In XR, it is the samba band that wins the contest for the most successful interaction ritual. Picture drummers leading the procession, followed by dancing, chanting, banner-waving rebels, their bodies and voices united in sound and movement. They are enjoying what Collins calls ‘rhythmic entrainment’: what happens when people’s physical actions become highly synchronised, leading to intense feelings of solidarity. But this sense of being ‘in the flow’ isn’t limited to these high-energy situations. For example, there is also the flow of a meaningful conversation, with its rhythms of call and response, combined with the mimicry of gestures, cadences and laughter. Whether or not someone joins or stays in a social movement (or any form of voluntary community), depends in large part on the success or failure of the ordinary-level interactions that take place. Holding boring meetings where only a few people speak is the perfect way to kill a movement stone dead.

But, as many of us are becoming all too aware in this third lockdown in the UK, meeting online significantly lowers the chances of leaving an encounter with good vibes. Without ‘bodily co-presence’ (Collins’s term), we can struggle to connect even to those who are usually closest to us. For many, the everyday has succumbed to a level of fatigue that no amount of self-care can adequately address. In a time when social movements are desperately needed, the conditions for their emergence and sustainability could not be more difficult.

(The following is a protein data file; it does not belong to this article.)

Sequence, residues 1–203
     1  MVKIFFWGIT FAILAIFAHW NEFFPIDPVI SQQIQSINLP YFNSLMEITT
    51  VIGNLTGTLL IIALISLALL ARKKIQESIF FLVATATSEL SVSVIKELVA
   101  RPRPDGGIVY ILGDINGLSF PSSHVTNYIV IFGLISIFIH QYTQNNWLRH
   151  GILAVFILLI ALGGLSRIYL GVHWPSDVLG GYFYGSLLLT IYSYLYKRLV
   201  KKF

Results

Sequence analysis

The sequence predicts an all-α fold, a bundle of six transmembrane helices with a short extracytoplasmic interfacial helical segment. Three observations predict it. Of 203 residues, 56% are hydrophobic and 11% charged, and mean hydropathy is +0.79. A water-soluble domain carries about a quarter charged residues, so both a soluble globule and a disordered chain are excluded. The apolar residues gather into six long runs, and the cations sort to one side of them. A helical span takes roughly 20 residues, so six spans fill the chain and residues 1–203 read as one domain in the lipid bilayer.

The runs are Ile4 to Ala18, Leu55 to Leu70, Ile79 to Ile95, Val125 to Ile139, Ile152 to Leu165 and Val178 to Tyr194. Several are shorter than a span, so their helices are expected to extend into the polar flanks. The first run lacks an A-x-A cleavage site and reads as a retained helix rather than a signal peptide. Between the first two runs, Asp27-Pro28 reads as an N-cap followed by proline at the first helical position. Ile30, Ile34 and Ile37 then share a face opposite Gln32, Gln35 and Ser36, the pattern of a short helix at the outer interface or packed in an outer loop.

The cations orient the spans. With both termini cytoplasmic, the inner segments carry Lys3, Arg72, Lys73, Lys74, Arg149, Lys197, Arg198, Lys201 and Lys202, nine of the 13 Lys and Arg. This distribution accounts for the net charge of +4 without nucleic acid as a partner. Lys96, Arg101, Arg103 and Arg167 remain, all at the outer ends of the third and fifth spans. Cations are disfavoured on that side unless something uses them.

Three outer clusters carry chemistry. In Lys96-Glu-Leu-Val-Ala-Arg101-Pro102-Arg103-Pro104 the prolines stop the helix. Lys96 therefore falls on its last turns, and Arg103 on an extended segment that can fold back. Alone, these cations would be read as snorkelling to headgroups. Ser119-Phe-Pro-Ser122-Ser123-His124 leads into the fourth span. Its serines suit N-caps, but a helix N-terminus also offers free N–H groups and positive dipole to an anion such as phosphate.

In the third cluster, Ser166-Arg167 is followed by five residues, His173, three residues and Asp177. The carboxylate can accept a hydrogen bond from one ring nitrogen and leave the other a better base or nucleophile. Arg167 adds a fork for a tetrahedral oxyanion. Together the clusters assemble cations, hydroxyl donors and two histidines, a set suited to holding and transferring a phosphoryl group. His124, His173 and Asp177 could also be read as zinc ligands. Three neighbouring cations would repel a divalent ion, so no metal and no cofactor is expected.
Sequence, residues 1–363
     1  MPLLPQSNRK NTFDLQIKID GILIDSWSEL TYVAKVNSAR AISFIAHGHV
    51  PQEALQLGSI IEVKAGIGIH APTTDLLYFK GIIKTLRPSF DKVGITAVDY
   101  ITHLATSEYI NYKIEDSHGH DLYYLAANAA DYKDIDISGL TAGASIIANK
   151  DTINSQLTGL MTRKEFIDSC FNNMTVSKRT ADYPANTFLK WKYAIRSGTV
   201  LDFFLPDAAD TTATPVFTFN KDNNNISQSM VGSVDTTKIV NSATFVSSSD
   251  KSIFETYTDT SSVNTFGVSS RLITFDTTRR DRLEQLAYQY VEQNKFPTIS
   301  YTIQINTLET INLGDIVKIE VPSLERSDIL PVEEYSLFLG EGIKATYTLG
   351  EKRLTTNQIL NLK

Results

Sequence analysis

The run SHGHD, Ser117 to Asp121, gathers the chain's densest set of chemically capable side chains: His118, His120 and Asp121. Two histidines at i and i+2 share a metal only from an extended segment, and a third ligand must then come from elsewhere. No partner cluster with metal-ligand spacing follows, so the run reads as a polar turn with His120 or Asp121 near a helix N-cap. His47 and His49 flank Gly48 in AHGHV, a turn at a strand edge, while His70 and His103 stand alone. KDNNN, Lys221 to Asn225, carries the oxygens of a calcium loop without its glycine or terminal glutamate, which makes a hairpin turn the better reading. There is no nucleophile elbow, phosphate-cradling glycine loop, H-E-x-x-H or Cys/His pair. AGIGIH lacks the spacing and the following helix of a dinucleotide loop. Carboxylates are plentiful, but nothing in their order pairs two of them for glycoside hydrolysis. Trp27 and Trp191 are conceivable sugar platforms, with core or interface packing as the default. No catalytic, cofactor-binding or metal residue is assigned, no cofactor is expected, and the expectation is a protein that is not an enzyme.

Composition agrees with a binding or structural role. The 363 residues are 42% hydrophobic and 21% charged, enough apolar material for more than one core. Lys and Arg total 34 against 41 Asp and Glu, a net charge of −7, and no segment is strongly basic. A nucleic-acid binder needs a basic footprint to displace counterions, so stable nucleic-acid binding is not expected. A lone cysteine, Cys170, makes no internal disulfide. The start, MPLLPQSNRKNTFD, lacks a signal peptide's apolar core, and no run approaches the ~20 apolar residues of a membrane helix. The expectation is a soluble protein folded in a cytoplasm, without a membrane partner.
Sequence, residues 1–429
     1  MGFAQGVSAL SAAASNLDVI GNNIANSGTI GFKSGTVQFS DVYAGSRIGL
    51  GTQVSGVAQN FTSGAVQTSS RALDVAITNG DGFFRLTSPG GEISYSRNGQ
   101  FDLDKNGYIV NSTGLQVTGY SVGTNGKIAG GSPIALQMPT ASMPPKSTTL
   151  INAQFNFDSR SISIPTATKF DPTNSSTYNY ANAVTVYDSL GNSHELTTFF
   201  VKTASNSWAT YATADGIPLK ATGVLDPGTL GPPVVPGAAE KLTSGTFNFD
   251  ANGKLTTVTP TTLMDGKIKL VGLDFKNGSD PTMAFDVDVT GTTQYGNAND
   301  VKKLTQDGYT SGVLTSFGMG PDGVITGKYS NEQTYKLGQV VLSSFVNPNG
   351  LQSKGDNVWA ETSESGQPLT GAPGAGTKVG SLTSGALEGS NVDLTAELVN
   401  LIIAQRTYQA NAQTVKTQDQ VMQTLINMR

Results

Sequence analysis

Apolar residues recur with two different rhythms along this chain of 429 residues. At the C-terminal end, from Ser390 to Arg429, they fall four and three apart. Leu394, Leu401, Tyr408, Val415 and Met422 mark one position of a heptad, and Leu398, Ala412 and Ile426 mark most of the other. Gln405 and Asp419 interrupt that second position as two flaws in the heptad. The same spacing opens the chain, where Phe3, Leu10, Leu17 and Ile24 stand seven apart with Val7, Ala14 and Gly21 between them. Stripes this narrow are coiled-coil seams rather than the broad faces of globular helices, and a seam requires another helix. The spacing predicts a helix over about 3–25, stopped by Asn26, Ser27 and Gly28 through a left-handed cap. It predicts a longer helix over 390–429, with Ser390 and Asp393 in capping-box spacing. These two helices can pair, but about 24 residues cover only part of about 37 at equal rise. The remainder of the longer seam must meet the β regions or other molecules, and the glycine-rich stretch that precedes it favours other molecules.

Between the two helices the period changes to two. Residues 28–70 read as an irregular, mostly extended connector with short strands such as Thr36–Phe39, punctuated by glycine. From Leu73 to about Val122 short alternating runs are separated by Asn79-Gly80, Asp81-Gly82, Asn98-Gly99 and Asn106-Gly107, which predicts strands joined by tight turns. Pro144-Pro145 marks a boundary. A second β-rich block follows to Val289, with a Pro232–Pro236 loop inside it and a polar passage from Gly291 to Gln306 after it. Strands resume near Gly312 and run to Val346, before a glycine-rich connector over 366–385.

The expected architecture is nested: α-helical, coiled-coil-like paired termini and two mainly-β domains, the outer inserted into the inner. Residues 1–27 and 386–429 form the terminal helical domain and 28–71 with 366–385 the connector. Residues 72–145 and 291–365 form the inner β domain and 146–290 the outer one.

Yet I left the online ‘heartspace’ feeling strangely alive again, a welcome contrast to the usual Zoom fatigue. As that feeling slowly faded, I recalled a similar moment with XR Buddhists. We had been sitting silently for over an hour in meditative protest outside a branch of Barclays bank as part of the rebellion in September. We all had blindfolds on, and we were wearing signs that said ‘Barclays: Blind to the Climate Crisis.’ After the sit, eyes reconciled to daylight, we reconvened to share our experiences. Someone memorably said that, for them, meditating was like having an ‘inner samba band.’ They found emotional energy to keep going through the practice of turning attention to the rhythm of the breath and knowing that others were doing the same. Being silent and still with others can also generate a deep sense of solidarity. Far from being merely individual acts of piety, these practices of silence and stillness are in fact thoroughly social. They are, of course, not a full answer to the problems faced by social movements right now. But, perhaps, if they are understood not solely as spiritual practices but also practices of embodiment and connection, they can help organisers to negotiate the glitches in our digital-social worlds. As Arundhati Roy says: ‘Another world is not only possible, she is on her way. On a quiet day, I can hear her breathing.’ Perhaps attending to the rhythm of the breath is one way to focus our energies on the political transformation to come.